Ray Biggart was the first city editor of the Toronto Sun

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The first city editor of the Toronto Sun has died.


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Ray Biggart, one of the original 62 Toronto Sun “Day One” employees in 1971, died on Remembrance Day.

He was 79 years old.

After opening the first Queen’s Park office for the Toronto Sun, Biggart left the newspaper to engage with the entire city, working for the Toronto Metropolitan Government.

He was a true friend of GTA throughout his working career.

According to his biography in the Toronto Sun Blog Site Biggart ran the city’s ambulance department at one point, served as president of the Toronto Press Club, and later was head of the Metro Parks and Culture Department.

“I hired him away from The Sun to be my executive assistant when I was president of Metro Toronto,” said Postmedia president Paul Godfrey, explaining that Biggart worked with him for the 11 years Godfrey was in that role.


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Noting that “Ray was always there,” Godfrey describes his friend and colleague as dedicated, helpful, and fully involved with running the city.

“He had a great nose for sniffing out potholes on the political road and always gave good advice on how to fix them.”

Godfrey said Biggart was closer to him than anyone else on city hall.

“He was a constant guide, whether we were chasing a big baseball team or looking for daycare or solving police problems, Ray was always there.”

In fact, Biggart was instrumental in helping bring the Blue Jays to Toronto and, later, getting the SkyDome approved and built.

And, Godfrey said, Biggart was part of the team that saved the Santa Claus parade in Toronto.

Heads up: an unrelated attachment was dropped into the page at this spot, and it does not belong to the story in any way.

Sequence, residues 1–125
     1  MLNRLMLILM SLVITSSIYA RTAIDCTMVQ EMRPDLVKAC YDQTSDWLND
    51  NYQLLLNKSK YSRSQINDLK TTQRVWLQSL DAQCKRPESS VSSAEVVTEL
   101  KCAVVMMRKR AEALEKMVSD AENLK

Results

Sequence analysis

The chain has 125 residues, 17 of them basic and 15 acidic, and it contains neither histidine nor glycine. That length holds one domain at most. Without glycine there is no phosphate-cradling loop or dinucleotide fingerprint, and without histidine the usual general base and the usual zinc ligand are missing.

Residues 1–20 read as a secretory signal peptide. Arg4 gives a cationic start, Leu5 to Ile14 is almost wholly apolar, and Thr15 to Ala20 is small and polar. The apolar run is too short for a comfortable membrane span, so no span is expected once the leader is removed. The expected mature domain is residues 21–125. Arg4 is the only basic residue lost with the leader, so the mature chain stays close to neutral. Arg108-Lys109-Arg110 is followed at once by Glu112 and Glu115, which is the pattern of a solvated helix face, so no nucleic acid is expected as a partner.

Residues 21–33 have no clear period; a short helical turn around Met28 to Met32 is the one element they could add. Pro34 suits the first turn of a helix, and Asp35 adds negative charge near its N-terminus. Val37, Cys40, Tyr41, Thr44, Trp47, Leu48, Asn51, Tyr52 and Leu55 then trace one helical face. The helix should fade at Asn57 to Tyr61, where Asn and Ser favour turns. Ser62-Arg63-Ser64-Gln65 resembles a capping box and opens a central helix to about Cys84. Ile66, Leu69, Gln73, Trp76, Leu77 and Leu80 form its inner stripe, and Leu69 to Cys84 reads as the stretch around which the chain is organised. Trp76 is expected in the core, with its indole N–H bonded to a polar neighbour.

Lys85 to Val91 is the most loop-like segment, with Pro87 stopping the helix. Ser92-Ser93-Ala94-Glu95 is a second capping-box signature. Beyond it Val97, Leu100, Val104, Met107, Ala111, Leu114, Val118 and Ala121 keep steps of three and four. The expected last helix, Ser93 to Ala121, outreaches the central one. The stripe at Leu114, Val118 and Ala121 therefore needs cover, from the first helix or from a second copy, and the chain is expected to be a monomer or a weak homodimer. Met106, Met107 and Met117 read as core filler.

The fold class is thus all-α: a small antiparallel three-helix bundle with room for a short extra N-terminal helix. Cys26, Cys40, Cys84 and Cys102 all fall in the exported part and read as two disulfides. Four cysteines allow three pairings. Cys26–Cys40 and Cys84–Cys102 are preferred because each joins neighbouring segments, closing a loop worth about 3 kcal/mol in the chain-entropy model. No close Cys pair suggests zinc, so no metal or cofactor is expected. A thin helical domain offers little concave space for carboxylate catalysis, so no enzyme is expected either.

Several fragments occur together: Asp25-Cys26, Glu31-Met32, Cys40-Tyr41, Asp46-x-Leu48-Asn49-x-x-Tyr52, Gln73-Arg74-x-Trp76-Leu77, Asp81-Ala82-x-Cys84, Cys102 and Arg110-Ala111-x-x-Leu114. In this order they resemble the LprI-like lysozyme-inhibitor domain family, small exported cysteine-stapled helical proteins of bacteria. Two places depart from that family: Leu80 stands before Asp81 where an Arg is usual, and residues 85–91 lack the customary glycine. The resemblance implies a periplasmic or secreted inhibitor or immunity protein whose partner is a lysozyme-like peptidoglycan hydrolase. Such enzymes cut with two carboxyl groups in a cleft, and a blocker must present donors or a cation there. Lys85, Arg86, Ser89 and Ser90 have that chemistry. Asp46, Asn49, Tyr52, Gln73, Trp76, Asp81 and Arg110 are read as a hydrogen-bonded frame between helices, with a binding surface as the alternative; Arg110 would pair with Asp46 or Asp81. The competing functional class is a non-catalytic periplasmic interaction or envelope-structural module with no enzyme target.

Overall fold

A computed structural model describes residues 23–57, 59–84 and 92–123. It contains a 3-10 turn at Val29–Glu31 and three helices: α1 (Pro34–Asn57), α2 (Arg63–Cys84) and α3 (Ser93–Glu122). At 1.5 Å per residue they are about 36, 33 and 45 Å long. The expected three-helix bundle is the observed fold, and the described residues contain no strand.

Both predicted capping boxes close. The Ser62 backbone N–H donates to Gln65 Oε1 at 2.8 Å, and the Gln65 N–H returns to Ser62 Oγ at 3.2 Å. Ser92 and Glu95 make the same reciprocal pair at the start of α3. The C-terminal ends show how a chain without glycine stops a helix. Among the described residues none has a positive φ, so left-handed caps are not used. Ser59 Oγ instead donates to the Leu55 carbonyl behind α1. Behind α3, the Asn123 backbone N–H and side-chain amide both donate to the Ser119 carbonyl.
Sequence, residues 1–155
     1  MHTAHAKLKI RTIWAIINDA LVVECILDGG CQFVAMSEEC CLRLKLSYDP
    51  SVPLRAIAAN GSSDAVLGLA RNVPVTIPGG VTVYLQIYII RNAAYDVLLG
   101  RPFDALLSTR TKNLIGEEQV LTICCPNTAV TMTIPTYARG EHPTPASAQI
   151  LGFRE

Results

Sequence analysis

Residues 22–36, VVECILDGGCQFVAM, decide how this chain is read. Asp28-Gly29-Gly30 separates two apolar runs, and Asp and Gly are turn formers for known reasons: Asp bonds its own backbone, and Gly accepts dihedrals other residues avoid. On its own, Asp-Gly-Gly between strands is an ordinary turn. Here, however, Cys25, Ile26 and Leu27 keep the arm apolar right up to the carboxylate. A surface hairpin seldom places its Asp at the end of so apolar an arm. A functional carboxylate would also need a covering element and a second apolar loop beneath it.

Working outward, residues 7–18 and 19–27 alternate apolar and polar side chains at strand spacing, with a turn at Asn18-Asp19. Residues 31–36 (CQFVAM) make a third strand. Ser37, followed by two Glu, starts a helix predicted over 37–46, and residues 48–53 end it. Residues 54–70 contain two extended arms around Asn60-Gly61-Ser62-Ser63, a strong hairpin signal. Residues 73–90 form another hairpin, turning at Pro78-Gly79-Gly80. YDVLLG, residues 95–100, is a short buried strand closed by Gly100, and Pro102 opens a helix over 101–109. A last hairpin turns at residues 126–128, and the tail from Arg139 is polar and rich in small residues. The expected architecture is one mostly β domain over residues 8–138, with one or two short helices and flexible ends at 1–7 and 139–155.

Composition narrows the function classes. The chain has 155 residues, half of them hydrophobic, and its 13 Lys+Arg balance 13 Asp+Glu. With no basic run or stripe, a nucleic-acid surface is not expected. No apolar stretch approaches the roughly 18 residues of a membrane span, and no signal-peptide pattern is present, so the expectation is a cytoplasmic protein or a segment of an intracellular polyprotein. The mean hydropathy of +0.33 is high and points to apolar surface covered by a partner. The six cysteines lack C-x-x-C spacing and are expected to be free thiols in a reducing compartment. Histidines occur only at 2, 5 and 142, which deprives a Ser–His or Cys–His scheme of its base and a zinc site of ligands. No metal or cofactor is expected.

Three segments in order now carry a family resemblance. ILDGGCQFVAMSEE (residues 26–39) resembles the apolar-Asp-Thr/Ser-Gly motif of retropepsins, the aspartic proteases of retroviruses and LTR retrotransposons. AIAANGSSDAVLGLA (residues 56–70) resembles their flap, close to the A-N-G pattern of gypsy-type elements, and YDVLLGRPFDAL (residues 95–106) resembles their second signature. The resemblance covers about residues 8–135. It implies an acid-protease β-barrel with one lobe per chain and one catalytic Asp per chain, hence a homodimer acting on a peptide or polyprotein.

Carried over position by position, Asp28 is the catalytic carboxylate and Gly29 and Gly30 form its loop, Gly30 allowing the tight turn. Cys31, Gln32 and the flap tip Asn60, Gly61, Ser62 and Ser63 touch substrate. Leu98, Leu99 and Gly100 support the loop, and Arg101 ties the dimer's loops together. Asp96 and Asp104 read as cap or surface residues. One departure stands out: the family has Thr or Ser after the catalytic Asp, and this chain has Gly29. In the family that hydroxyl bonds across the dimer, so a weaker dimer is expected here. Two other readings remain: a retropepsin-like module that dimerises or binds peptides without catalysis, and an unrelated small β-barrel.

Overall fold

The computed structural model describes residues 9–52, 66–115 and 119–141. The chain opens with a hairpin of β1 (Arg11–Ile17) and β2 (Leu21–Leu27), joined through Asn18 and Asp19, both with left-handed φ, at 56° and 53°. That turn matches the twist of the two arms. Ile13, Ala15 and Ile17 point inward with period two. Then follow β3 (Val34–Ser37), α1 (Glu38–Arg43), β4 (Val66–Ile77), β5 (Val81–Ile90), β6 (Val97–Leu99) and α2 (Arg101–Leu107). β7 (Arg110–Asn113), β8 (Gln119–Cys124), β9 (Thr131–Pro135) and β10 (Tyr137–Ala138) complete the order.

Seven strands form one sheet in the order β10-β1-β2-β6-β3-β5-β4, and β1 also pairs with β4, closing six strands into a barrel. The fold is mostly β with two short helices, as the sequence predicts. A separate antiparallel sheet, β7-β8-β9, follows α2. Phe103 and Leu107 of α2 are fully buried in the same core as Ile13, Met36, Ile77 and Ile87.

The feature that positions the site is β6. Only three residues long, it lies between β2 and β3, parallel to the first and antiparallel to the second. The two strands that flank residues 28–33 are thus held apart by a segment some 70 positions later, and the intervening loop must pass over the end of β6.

In 1982, Eaton Department Store decided not to sponsor the parade any more, having done so since 1905.


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Fred Eaton, who then ran the company, announced to the world at large that Paul Godfrey was the man who was going to save the Santa Claus parade, which was a first for Paul Godfrey.

“There were 30 or 40 reporters waiting for me when I got back to my office,” Godfrey said, laughing.

“I had to think fast to save Santa.”

In fact, Godfrey had offered to help Eaton find new sponsors, nothing more, but he accepted the challenge with the help of Biggart, George Cohon, Ron Barbaro and Irv Ungerman, among others.

In one week, the men got 25 major sponsors. They actually saved the parade, which continues to this day.

Biggart’s role in the Santa Claus Parade became a long-term commitment. He served as the Director of the parade for 31 years, and in 2013 he retired from the board to become Honorary Director.


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“Ray Biggart loved the Santa Claus parade and was a huge contributor to its success,” said Peter Beresford, current SCP president and director.

Biggart worked tirelessly as a volunteer behind the scenes to make sure the SCP organization was a success, Beresford added.

“Every year, Parade Day was the highlight for Ray. He would arrive at 6 in the morning to make sure everything was ready. He served as the Official Starter to ring the bell and start the Parade on its way. “

Ray Biggart is survived by his wife Lorrie, a son and a daughter, and four grandchildren.

The funeral is at Smith’s Funeral Home in Burlington on November 15, 2021 at 1 pm; visitation is one hour before service. Double vaccination is required to attend.



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